Monday night meeting with the Newark Unified School District is similar to prior efforts to enlist parents of Latino and special education students in raising their test scores.
- By Patch Staff
Parents of African American students met with officials of the Newark Unified School District Monday night in the first of what will likely be a series of meetings to get parents involved in efforts to raise their kids’ student test scores.
School Superintendent Dave Marken told Patch that Monday’s meeting was similar to gatherings that the district has already conducted with parents of Latino and special education students.
Marken said each of these three categories of students have been identified by state authorities as “significant groups” whose performance in standardized tests and other measures needs to be improved.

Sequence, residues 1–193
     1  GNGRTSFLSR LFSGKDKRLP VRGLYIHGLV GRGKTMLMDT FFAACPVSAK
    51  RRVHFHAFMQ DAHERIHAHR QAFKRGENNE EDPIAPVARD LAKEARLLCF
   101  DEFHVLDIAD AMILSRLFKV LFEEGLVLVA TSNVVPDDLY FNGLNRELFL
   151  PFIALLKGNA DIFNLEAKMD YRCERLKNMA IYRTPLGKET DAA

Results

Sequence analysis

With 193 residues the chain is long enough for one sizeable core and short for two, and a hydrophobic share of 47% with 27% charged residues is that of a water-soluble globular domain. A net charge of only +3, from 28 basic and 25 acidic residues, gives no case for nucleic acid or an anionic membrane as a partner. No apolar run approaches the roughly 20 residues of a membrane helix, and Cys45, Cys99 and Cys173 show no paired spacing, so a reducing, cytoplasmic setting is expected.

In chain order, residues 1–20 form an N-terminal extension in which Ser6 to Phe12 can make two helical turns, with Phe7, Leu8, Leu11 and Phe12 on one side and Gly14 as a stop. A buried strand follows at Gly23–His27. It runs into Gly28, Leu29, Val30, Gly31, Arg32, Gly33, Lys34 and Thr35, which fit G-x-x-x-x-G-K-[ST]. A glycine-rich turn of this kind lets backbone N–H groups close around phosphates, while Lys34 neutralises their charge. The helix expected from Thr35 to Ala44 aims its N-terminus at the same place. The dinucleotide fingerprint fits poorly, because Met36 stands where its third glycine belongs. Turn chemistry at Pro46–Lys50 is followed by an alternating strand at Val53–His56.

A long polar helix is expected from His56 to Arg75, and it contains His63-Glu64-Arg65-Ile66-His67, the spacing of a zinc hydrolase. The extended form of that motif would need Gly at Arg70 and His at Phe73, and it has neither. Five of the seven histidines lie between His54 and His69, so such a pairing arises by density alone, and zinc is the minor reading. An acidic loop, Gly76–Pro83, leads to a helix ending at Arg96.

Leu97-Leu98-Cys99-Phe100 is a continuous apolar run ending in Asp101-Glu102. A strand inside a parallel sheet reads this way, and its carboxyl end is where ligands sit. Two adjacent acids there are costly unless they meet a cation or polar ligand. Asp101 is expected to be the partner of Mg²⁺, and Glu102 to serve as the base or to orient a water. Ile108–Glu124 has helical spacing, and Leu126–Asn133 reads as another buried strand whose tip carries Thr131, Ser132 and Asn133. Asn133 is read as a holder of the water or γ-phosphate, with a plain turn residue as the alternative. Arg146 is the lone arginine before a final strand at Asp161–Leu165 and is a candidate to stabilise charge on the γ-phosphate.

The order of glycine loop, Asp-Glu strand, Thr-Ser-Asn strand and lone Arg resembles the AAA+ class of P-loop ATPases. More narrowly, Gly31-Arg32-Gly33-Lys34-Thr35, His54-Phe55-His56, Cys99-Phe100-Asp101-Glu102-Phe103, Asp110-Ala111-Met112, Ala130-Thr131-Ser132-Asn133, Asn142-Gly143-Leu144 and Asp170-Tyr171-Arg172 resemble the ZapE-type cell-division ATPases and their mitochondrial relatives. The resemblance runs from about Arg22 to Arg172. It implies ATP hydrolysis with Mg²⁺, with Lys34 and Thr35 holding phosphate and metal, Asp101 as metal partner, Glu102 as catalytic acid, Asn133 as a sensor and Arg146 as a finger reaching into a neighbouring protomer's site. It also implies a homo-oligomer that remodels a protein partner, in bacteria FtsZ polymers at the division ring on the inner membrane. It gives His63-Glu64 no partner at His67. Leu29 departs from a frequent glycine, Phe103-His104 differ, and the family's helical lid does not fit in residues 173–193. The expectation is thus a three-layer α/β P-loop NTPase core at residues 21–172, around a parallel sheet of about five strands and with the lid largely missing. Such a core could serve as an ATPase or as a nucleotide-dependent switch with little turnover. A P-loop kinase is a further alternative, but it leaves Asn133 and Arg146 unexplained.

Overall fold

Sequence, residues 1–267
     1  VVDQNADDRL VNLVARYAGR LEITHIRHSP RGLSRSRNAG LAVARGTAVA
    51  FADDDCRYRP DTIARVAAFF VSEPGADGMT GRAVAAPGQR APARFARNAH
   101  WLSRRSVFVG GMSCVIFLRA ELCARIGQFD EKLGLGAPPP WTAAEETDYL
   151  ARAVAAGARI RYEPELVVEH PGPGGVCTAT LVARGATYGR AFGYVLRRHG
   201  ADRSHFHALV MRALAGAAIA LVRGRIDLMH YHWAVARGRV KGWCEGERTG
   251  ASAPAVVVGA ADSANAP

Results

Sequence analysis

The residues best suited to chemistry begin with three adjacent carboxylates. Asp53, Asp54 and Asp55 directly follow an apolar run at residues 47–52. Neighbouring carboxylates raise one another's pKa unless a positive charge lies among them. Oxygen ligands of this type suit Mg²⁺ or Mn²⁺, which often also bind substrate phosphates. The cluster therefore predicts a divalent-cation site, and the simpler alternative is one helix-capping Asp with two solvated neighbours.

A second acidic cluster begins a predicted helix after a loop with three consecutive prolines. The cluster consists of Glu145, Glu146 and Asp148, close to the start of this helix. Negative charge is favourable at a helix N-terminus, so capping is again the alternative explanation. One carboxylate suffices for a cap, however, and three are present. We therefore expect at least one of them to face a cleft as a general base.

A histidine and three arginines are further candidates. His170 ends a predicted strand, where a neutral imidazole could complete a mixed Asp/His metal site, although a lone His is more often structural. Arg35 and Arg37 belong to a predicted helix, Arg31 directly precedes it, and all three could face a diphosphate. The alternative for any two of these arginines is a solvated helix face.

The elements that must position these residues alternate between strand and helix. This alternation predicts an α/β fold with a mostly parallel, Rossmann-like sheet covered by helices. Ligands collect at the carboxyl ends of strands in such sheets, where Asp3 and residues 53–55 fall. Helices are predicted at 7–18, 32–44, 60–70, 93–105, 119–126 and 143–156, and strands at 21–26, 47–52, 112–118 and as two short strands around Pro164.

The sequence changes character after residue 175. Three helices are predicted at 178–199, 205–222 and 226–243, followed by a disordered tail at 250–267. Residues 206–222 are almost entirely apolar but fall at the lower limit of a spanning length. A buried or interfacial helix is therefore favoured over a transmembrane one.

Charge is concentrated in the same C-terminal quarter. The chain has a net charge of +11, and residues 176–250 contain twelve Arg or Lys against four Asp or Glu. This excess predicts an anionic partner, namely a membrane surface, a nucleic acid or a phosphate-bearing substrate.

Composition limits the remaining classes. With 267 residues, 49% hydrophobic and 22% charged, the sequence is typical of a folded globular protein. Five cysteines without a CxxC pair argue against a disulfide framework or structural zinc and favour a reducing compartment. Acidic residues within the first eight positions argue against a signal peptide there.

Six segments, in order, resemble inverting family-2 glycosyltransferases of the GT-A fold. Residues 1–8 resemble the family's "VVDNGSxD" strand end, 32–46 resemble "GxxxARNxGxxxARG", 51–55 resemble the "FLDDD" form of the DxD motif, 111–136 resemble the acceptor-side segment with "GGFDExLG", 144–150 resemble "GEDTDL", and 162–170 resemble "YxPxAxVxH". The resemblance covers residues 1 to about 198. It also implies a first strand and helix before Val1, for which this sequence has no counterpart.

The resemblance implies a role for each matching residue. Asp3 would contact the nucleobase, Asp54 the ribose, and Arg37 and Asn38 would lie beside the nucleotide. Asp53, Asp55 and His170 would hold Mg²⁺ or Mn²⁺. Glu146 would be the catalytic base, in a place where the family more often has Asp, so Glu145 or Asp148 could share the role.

“The only way to find out their specific needs is by asking them,” Marken said of the parents invited to Monday’s meeting.
Marken said the District has been holding such conclaves with Latino parents for a couple of years. The parents of special needs students tend to get together at the school level when issues arise, he said.
Monday’s meeting was the District’s first effort to get African American parents into the process of figuring out how to help their children close a performance gap. Marken said about two dozen parents attended the 90-minute meeting.
“It’s been said that it takes a village to raise a child,” Marken said, characterizing Monday’s meeting as an effort to connect with parents who may feel “disenfranchised” by the school system.